If you'd asked me yesterday if The Boys from Brazil was one of my favourite Ira Levin novels, I would certainly have answered in the negative.
But today, as I re-read it for the first time in many years, all bets are off. I absolutely love it.
This is the biggest surprise so far in my project of re-reading the complete works of Levin — just how great this is.
The Boys From Brazil was published in 1976 and comes after The Stepford Wives and before Sliver in the author's canon.
The book opens with a gathering of male conspirators who, smoking after-dinner cigars as they discuss a high tech agenda, strongly call to mind the sinister Men's Association in Stepford.
Levin's writing is full of acutely observed descriptions, even if it's just a Nazi hitman taking off his shoes in a Japanese restaurant. And his gift for description is as sharp as ever, as he takes us through "a steamy jangling kitchen where antique ceiling fans slowly turned."
This is strikingly cinematic prose.
And once again Levin's ability to conjure suspense is forcefully on display: near the end of Chapter 1, my heart was in my mouth as the kid was on the phone with the tape...
As with The Stepford Wives, The Boys from Brazil features a stunningly audacious conceit at the heart of its story. And, as with Stepford, I won't be revealing that surprise here, even thought it's widely known.
I will tell you that the plot concerns a group of dangerous Nazi fugitives in South America and a washed up Nazi-hunter called Yakov Liebermann who gets wind of a conspiracy they're hatching (by way of that tape I mentioned).
A conspiracy involving a program of mass assassination. The killings have a pattern, all similar men of a certain age, but the motive behind them initially baffles Liebermann and, one hopes, the reader...
The chief bad guy is Josef Mengele, a real-life mass murderer and a Nazi war criminal who really did escape to South America (and, as far as we know, died peacefully in bed. The bastard).
At first I was dubious about the use of a real person — and such a person — in a work of fiction. But Mengele's behaviour and background is a crucial plot hinge.
So The Boys from Brazil begins with a mystery around which Levin proceeds to entwine a suspense thriller, like the two curving, interconnected strands of a DNA molecule.
Having Liebermann, the old Nazi hunter virtually coming out of retirement — and being regarded as a fossil and an embarrassment even by his allies — is a brilliantly compelling device.
And then Levin has Mengele leave his jungle lair, and the travels of the two men carry them towards a lethal intersection.
The book really gives the reader an emotional workout. It's incredibly frustrating when Liebermann initially discounts a vital clue. But when he gets back on track the suspense is exquisitely unbearable.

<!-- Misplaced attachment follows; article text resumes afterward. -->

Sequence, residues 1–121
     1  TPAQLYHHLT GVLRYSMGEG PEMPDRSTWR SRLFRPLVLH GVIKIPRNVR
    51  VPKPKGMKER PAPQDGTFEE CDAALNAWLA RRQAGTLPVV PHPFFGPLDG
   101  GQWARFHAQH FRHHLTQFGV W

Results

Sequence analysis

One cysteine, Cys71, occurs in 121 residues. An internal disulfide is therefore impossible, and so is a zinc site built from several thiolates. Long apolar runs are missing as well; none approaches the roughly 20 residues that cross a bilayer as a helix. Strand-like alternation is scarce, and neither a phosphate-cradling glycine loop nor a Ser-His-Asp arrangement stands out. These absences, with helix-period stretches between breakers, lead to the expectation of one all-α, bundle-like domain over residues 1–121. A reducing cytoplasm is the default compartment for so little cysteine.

This is a superbly constructed mystery. Levin slips in the casual mention of a name —
Frieda Maloney — early. Later, when she suddenly clicks solidly into the plot, it's sheer genius.
And Ira Levin devilishly keeps the suspense coming. At one point the Nazi cabal in South America call off their operation. But we don't want them to. Because it means the trap Liebermann is setting won't work. Diabolical Levin!
It's fascinating that, as he enters the United States under a false identity, Mengele wears a neck brace as a disguise; Hannibal Lecter would use a similar ruse some decades later in Thomas Harris's masterpiece Hannibal.
Indeed, the Hannibal Lecter connections don't stop there. Mengele is a foodie and a snob ("The food... forget it"), and the scene where he purchases a knife also pre-echoes that Thomas Harris novel.
I knew that Harris was influenced by John D. MacDonald but I had no idea he was a disciple of Ira Levin. Well, it makes perfect sense. Thomas Harris writes brilliant suspense novels himself, and he couldn't have chosen a finer mentor.
In its themes of genetic manipulation and eugenics The Boys from Brazil takes us back to the world of Levin's 1970 dystopian novel This Perfect Day. With its threat of the birth of the Anti-Christ, so to speak, we're back in the world of Rosemary's Baby...
And Mengele, fiendishly dangerous in the cleverness of both his planning and his improvising, is reminiscent of Bud the cunning psychopath in A Kiss Before Dying.
(There are other resonances with Levin's oeuvre. Is it far-fetched to point out that dogs are instrumental in the finale here, the way a cat is in Sliver?)
The Boys from Brazil is a terrific tale, beautifully wrought, with the chilling symmetry of another conspiratorial meal at the end of the book, where once again an atrocity is planned to be perpetrated.
And once again it's up to poor Leibermann to stop it.
(Image credits: Most of the covers are from Good Reads, where there's a wealth of international editions. Some of which, it has to be said, feature howling plot spoilers right there on the front of the book. Isn't the Chinese one wonderful, though? The French version with a rather nice cover painting, Ces Garçons qui venaient du Brésil, published by J'ai lu, is from the wittily named site NooSFere. And the French version published by Robert Laffont is from Rakuten.)